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From Adoption to Interaction to Feedback – Cracking the Platform Code

April 27, 2018 - Rajashekara V. Maiya Head of Product Strategy, Infosys Finacle

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Jeff Bezos founded Amazon in the year 1995, when the Internet was still in its dial-up days. The company is the largest ecommerce giant today.
Following a serendipitous series of developments including toying with the idea of Amazon infrastructure and storage, AWS came into being in the year 2006. It is today one of the top cloud vendors and the largest public cloud services provider in the world. Every day the company adds server capacity equivalent to what it had at the end of 2005, when Amazon (not AWS) was nearly 5% its current size.
Amazon Cash for deposits, and Amazon Lending for short-term business loans are already part of Amazon’s value proposition for sellers on its platform. The retail giant is now officially looking to encroach on banks’ turf with services like checking account.
An industry struggling to keep profits afloat clearly needs to prepare and reinvent itself to take on players such as Amazon. And Amazon is not the only giant eyeing the space. Tech giants Google and Facebook have already forayed into the financial services space. Both the companies have launched their digital payment service in the Indian market taking advantage of the country’s instant real-time payment system UPI. Facebook, with its chat service Whatsapp has a ready user base of more than 250 million. Google’s payment service Google Tez is a convenient payment option while searching the Internet using the Google search engine. Users can send money over Whatsapp’s chat interface while chatting with friends, or search, select and pay for a service without leaving Gmail with Tez.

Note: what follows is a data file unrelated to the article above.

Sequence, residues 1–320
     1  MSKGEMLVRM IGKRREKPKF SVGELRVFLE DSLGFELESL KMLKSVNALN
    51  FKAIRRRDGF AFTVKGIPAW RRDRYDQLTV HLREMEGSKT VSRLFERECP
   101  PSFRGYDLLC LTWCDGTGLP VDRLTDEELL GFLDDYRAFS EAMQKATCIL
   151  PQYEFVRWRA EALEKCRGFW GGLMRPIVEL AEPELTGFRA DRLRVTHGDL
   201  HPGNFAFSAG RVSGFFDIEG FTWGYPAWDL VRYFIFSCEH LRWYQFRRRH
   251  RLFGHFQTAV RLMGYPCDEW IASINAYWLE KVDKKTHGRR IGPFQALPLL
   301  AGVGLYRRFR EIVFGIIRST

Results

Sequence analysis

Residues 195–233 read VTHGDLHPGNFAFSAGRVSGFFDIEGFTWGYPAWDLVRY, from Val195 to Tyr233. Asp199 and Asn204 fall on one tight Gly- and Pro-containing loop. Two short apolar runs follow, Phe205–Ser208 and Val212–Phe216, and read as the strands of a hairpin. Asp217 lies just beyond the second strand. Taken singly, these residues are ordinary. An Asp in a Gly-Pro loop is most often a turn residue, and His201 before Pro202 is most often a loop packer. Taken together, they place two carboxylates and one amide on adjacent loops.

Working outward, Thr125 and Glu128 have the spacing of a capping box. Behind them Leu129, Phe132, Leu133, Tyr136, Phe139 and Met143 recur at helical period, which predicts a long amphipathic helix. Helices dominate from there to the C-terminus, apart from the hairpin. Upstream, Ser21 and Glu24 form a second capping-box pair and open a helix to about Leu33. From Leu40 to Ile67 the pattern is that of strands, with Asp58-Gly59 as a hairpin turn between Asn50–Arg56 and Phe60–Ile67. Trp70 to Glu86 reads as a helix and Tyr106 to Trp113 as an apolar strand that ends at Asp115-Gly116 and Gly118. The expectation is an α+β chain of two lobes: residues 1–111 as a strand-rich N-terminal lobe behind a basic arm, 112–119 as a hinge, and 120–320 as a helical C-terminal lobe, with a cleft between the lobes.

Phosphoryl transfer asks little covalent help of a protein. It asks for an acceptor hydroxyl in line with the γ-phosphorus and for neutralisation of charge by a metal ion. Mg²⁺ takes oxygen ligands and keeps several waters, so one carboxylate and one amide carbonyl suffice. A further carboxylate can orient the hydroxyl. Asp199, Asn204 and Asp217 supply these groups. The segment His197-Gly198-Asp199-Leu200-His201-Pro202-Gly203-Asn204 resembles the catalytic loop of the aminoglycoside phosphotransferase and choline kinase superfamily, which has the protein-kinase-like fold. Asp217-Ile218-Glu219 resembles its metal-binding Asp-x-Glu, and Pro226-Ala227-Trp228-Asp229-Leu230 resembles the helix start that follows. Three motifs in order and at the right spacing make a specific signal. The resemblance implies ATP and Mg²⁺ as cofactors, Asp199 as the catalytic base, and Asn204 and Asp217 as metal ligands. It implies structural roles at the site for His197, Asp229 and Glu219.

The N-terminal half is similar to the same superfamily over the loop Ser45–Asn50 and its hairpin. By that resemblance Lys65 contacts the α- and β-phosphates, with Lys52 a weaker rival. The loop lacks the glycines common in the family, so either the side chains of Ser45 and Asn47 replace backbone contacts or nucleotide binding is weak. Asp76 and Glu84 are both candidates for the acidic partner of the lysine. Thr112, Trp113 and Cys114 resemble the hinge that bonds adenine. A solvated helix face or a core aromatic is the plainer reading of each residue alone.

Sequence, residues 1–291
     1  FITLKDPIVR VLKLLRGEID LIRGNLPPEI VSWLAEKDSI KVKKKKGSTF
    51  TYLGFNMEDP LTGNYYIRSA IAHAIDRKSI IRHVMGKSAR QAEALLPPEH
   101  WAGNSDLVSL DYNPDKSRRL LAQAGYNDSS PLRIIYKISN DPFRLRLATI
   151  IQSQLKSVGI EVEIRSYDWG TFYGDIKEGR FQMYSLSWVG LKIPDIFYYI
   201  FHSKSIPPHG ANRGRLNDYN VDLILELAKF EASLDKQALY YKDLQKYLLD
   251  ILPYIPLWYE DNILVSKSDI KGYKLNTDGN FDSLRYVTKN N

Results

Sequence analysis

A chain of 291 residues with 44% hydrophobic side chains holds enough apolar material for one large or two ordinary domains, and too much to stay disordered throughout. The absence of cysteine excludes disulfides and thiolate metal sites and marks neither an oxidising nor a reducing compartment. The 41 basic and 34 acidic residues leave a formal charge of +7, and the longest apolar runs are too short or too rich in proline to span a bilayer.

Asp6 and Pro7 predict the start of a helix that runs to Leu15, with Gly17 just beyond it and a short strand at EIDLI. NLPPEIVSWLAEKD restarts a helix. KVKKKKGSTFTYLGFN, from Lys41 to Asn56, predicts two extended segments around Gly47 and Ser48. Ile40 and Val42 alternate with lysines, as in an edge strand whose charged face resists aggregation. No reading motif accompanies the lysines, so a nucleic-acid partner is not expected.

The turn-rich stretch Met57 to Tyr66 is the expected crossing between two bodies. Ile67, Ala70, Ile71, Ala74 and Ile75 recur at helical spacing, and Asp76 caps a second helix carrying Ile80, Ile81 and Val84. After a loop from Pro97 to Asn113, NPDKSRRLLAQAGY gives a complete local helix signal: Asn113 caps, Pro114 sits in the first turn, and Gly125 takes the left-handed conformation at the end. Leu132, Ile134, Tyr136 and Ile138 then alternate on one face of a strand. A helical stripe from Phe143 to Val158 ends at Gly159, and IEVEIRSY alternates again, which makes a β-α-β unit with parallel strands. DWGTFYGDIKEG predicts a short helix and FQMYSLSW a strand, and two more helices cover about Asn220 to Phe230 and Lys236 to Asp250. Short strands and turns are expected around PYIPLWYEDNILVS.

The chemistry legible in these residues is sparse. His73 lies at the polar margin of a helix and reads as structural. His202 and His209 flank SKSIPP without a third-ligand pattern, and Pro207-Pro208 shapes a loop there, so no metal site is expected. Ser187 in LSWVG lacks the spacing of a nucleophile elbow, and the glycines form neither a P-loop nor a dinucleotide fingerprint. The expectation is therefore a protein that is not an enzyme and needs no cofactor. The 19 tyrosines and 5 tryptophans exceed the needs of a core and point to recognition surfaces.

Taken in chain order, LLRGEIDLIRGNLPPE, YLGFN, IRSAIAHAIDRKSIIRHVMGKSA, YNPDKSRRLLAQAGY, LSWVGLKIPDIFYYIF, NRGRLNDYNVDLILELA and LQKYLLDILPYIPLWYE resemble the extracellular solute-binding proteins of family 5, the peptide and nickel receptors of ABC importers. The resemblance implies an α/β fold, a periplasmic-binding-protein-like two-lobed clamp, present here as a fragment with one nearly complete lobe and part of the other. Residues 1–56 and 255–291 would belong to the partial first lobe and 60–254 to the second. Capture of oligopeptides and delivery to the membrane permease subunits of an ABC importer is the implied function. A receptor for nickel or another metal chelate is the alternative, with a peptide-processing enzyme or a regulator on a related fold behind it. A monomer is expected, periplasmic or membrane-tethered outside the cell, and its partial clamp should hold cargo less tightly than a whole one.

Banks are left with no choice but to self-disrupt their business. They have to discard the go-it-alone approach in favor of platform banking to be more – be more open, more collaborative, more diversified (into non-financial products) and more invisible.
However, the platform business is an altogether different ball game for banks that have relied on pipeline business for all these years. Banks need to understand what makes a successful platform business and what the perils are. In their book “Platform Revolution”, Geoffrey G. Parker, Marshall Van Alstyne, and Sangeet Paul Choudary elucidate the key factors to create a successful platform business. Here we look at these in the context of banking.

  • Achieve demand economies of scale

    The success of a platform business hinges on network effects. The more the number of users of a platform, the greater the value it creates. It’s a no brainer then that a platform that doesn’t make it easy for its users to use it, is only setting itself up for failure.

    Thus the first step towards building a platform bank is to ensure a frictionless experience for their customers and partners. For customers, the process of on-boarding, transacting or service enquiries should match the experience they get in prevalent platforms like Uber or Facebook. The customer’s experience should be seamless whether they access the bank’s own or partner products / service offerings offered on the platform. Only then can banks hope to build the economies of scale that attracts new customers and partners.

  • Make the right matches